Dr. Yiyu Yao, a Computer Science professor at the University of Regina is ranked among top 1 per cent of the most cited researchers in his subject field for 2015.

l-r) Dr. David Malloy, Vice-President (Research) U of R with Dr. Shanthi Johnson, professor in the Faculty of Kinesiology and Health Studies and Ken Loeppky, VP & COO, Innovation Place.

Professor gets Innovation Award for senior care research

Capacity

The University of Regina’s department of Computer Science partnered with ISM Canada with the aim of reducing crime in streets. The data mining and visualization system will be an important tool to support crime-reduction programs.A group of interns supported by the Mitacs Accelerate program were integral to the project. The Mitacs Accelerate program facilitates experiential learning and builds capacity by matching a graduate student with a supervising professor and a partner organization.

SaskPower hosts grad students for carbon capture research camp

The BHP Billiton SaskPower Carbon Capture and Storage (CCS) Knowledge Centre hosted 49 graduate, PhD and post-doctorate students from 17 countries to the 10th annual International Energy Agency Green House Gas (IEAGHG) Summer School at the University of Regina.

Interns on the Mitacs Accelerate project team, supervised by U of R Professor Howard Hamilton (centre). From left to right: Zhi Cao, Mehdi Sadeqi, Manali Gaikwad, Howard Hamilton, Imran Jahan, Khantil Patel, and Rahim Samei.

Big data could help to reduce crime in Saskatchewan

Economy

Ministry of Health invests in mental health

Few people have not been directly or indirectly touched by anxiety and depression. And though treatable, many people remain untreated or under-treated for reasons that include limited access to care because of rural and remote locations, long wait times due to a shortage of providers, time and mobility constrictions and/or concerns about privacy. Heather Hadjistavropoulos (Arts) and her team are showing that internet-delivered cognitive behaviour therapy (ICBT) is convenient and importantly, effective in reducing the unnecessary suffering caused by anxiety and depression.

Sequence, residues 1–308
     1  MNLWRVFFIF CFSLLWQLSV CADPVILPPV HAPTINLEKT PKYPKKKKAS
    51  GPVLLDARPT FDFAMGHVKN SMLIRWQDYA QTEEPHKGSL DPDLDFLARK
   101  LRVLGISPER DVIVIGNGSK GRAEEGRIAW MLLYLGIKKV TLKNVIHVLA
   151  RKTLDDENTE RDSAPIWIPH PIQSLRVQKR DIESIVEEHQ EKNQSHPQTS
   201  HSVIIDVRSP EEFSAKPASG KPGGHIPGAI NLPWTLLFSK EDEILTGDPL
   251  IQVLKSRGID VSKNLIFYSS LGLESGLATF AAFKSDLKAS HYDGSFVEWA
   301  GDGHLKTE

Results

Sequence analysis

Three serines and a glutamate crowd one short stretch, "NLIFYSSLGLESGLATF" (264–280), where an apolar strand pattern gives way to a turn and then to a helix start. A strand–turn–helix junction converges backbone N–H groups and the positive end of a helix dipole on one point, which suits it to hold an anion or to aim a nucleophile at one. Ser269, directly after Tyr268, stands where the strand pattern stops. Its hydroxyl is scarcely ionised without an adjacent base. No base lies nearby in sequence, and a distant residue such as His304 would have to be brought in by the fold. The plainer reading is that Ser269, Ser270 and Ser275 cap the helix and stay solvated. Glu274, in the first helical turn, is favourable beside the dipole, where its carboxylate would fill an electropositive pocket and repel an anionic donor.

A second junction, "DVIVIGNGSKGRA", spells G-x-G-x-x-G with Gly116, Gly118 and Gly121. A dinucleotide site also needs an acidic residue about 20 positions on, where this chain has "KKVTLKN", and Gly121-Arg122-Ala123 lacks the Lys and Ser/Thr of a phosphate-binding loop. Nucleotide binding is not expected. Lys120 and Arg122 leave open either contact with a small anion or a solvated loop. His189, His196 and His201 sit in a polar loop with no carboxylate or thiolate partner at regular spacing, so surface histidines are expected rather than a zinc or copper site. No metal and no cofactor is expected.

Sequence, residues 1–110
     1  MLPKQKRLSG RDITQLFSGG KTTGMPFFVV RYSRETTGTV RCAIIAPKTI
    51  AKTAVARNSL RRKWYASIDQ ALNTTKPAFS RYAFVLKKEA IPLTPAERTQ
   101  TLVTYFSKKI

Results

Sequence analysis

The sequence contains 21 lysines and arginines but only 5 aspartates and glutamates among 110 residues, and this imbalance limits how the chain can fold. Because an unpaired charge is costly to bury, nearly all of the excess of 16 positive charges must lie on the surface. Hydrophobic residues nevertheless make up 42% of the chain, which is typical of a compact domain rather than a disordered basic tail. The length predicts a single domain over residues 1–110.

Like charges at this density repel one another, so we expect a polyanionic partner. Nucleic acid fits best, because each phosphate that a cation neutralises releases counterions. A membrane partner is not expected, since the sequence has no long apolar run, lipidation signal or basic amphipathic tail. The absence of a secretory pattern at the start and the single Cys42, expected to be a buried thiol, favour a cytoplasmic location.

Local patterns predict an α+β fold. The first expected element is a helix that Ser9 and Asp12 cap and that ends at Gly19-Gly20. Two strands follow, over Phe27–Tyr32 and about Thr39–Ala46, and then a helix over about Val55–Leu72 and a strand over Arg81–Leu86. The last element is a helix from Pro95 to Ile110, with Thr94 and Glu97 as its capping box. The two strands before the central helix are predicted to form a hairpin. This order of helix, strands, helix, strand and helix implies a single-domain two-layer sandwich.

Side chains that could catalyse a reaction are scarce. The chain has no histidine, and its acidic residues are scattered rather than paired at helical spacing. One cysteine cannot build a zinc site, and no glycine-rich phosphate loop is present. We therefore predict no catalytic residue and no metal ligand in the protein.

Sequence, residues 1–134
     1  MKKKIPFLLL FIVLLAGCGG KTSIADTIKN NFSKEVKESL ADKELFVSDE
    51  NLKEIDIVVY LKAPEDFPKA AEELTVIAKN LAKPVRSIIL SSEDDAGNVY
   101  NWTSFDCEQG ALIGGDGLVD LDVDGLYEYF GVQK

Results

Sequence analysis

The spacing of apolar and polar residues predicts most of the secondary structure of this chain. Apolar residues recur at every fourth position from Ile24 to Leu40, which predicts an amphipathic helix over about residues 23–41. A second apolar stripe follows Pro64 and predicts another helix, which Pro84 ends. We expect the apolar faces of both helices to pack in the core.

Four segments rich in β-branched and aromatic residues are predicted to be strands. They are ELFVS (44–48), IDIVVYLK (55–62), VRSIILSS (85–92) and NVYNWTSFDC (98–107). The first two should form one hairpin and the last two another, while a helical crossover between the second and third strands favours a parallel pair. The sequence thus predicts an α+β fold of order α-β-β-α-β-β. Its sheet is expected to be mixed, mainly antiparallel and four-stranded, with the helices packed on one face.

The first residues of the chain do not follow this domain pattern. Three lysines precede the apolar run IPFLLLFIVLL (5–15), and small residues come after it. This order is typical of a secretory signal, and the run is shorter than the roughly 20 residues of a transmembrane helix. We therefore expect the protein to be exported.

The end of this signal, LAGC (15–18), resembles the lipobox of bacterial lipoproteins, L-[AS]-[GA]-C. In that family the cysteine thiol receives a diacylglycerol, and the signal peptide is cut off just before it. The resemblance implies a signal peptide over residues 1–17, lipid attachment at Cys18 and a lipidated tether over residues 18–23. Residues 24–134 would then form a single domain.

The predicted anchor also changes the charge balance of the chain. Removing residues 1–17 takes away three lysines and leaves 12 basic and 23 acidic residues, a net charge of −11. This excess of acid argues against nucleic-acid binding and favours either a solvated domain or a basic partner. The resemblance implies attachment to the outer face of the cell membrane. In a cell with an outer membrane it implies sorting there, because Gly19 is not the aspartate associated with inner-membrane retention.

Online electricity auction on the horizon

Dr. Samira Sadaoui, professor of computer science at the University of Regina, together with a graduate student, Shubhashis Shil, designed online auction software that allows for the buying and selling of electricity that is completely different from anything on the electricity market today. The system will  be attractive to industry. CBC News article.

(l to r) Clinical psychology students Michael Edmonds and Joelle Soucy working with Dr. Heather Hadjistavropoulos in the Online Therapy Unit at the U of R.

Ministry of Health invests in mental health

Society and Culture

Science and suds deliver University research to the people

Josef Buttigieg, Biology and Nuelle Novik, Social Work gave a presentation titled “Your Aging Brain: Why We Forget What We Are Talking About” at the Health Sciences Pub held at the Bushwakker Brewpub on May 19. Drs. Buttigieg and Novik talked about the implications of the aging brain from both the basis biomedical perspective and the social health perspective.